Capitol (1990–1997)[edit]

The American branch of Rough Trade folded in late 1990, briefly leaving Mazzy Star without a record label. Within weeks, the duo's contract was picked up by Capitol, who re-released She Hangs Brightly on November 4, 1990,[11] and released their follow-up, So Tonight That I Might See on September 27, 1993.[12] A year after its release, the album yielded an unexpected hit single. "Fade into You" peaked at No. 44 to become their first Billboard Hot 100 single, while also reaching a career-high peak of No. 3 on the Modern Rock Tracks chart.[13] On April 19, 1995, the album was certified platinum by the RIAA for shipments in excess of 1 million units.[14] The album also peaked at No. 68 in the UK,[15] and was certified silver by the BPI in 2021, for sales of over 100,000 copies.[16] Following the success of "Fade into You", She Hangs Brightly album opener "Halah" began to receive heavy airplay in the US and peaked at No. 19 on Billboard's Modern Rock Tracks chart, a chart based solely on airplay.[10]

Their final album for Capitol, Among My Swan, was released on October 29, 1996.[17] Entering the Billboard 200 at No. 68[18] and, as of September 2001, selling 214,000 copies in the United States,[19] the album was less commercially successful than its predecessors, although it produced their highest-peaking single in the United Kingdom, when "Flowers in December" entered at No. 40 to become their only top forty entry on the chart.[20] The band promoted the album with a five-month tour of the US and Europe, after which Sandoval and Roback began work on new material.[21] Over the course of these sessions, Sandoval reportedly "begged" Capitol to be released from her contract,[22] later elaborating, "It seemed record companies wanted bands to be creative because they didn't know how to manufacture underground music. We could do our own thing and go at our own pace. But that changed when major labels started wanting bands that would sell 7 million records. They had a formula. And suddenly all these people wanted to come to the studio to keep track of what we were doing and make sure we were following that formula. So we got out."[5]

Hiatus, reunion, and subsequent work (1997–2009)[edit]

In the immediate aftermath of Mazzy Star's dissolution, Sandoval, who had appeared on the Jesus and Mary Chain's 1994 release Stoned & Dethroned, made another guest appearance on their album Munki, and also collaborated with the Chemical Brothers, while Roback produced and mixed two songs found on Beth Orton's 1999 album Central Reservation.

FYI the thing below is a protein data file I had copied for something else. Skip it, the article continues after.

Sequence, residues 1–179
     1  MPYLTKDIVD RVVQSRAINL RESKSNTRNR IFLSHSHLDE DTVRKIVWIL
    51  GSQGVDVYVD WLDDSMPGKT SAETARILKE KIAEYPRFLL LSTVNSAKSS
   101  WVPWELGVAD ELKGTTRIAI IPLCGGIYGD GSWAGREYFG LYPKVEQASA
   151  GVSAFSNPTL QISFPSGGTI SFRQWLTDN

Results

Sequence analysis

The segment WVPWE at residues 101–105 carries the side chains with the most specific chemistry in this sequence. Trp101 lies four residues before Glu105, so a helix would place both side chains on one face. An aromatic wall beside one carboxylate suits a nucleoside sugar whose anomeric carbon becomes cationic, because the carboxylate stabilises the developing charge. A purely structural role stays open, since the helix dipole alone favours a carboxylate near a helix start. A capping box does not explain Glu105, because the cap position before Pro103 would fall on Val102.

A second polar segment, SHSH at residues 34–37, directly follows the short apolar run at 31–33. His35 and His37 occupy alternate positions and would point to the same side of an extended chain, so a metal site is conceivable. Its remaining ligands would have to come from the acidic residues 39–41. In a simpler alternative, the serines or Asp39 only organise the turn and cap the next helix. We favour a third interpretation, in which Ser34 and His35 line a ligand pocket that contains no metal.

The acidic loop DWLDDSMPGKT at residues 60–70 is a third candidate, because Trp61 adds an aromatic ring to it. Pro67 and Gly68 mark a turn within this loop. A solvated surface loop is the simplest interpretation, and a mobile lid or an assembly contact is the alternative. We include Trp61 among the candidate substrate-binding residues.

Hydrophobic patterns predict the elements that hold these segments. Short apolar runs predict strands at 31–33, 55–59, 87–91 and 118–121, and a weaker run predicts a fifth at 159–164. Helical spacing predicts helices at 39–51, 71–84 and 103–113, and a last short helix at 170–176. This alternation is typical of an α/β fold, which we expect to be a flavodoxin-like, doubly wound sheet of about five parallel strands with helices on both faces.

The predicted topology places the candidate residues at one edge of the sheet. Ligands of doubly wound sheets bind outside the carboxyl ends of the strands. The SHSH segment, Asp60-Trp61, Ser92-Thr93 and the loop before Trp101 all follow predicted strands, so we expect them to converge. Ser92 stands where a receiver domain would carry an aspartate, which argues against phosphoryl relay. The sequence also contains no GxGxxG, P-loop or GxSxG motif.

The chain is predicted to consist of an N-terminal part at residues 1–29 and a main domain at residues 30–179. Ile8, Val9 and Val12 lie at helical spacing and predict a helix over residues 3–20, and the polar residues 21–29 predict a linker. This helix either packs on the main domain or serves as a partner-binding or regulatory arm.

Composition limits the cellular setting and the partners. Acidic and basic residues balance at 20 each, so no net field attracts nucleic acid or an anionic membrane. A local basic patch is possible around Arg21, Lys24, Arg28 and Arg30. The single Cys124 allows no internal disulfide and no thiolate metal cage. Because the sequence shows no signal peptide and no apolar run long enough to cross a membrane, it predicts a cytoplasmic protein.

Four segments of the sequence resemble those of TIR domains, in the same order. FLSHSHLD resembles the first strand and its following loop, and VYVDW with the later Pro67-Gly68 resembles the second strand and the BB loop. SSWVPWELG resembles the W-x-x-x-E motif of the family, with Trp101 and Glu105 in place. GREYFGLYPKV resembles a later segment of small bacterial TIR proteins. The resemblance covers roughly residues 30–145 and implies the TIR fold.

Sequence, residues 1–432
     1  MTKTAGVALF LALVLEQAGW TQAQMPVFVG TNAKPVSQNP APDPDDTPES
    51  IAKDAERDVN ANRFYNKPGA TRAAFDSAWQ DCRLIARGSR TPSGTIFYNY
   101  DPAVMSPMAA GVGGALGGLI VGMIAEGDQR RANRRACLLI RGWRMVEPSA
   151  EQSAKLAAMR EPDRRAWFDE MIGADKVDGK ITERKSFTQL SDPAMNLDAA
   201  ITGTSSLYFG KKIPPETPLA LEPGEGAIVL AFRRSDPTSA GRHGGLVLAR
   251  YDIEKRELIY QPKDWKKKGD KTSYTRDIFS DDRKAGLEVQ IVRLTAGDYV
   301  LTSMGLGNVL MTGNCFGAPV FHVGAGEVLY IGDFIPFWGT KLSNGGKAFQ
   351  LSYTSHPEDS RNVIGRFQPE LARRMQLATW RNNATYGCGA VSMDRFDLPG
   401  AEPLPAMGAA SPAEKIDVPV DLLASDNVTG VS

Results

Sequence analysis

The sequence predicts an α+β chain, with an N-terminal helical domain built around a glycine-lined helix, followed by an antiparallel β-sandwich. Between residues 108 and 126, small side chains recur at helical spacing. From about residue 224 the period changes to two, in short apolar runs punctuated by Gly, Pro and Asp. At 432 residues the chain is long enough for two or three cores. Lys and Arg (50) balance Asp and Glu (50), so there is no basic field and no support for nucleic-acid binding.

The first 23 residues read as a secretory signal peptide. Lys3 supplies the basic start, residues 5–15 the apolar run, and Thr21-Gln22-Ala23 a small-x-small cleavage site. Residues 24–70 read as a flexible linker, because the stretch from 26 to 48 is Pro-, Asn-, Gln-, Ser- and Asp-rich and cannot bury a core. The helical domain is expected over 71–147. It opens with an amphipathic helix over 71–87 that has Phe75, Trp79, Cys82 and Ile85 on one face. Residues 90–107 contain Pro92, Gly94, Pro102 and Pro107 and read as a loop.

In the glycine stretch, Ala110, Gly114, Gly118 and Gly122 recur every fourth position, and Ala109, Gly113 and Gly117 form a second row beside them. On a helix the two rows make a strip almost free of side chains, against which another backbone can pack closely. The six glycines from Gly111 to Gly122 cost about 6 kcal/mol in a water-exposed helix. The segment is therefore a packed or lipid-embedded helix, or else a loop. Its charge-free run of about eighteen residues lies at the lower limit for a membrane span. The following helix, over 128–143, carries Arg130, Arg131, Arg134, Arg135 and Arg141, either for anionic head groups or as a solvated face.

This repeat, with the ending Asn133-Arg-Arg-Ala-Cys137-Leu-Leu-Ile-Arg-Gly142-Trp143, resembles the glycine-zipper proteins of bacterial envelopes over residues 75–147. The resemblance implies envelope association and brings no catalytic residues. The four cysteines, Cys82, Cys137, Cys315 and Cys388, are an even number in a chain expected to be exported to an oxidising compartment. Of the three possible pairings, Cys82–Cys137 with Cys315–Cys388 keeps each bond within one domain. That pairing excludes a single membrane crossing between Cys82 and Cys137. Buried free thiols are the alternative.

In June 2000, the band reunited for a mini-tour of Europe. Performing up to seven new songs at each of these concerts,[23] Sandoval revealed in interviews around this time that these new songs were written and recorded for Mazzy Star's fourth studio album, which was to be released independently sometime in the future. This did not materialize, however, as later that year, Sandoval joined with Colm Ó Cíosóig (formerly of My Bloody Valentine) to form Hope Sandoval & the Warm Inventions. In October 2000, Sandoval issued her first EP with the Warm Inventions, At the Doorway Again, and followed it up with her debut full-length album, Bavarian Fruit Bread, a year later. Around this time, Sandoval also contributed vocals to several songs by other artists, notably Air and Death in Vegas.

William Cooper (born 1957), Mazzy Star's violinist and keyboardist, died of neuroendocrine cancer on March 16, 2001.[24]

Sandoval performed as part of Bert Jansch's 60th birthday celebration at Queen Elizabeth Hall on November 3, 2003. As well as Ó Cíosóig, Jansch and his son Adam, she was also joined on stage by David Roback for renditions of "Suzanne" and "All This Remains", a song Sandoval had contributed lead vocals and wrote lyrics to for Jansch's 2002 album Edge of a Dream. This would remain Sandoval and Roback's final appearance together on-stage until 2012.[25]

David Roback made his debut appearance as an actor in the 2004 film Clean. He also wrote and produced three songs that were performed in the film by actress Maggie Cheung.

In 2009, So Tonight That I Might See album track "Into Dust" debuted at No. 71 and stayed one week on the U.K. singles chart[20] when it featured on a commercial for Virgin Media.[26] Two years later, the song appeared on the "Dust to Dust" trailer for Gears of War 3 and spent a further four weeks on the chart, reaching a new peak of No. 47;[20] while it also became the band's first song to ever place on the Irish Singles Chart, where it peaked at No. 40.[27]

Sandoval's second album with the Warm Inventions, Through the Devil Softly, was released via Nettwerk on September 29, 2009, and was followed on August 10, 2010, by a non-album single, a cover of Syd Barrett's "Golden Hair". Also released in 2010 was her vocal contribution to Massive Attack's Heligoland, "Paradise Circus". The song spent one week on the U.K. singles chart at No. 117.[28]

Reformation and Seasons of Your Day (2010–2014)[edit]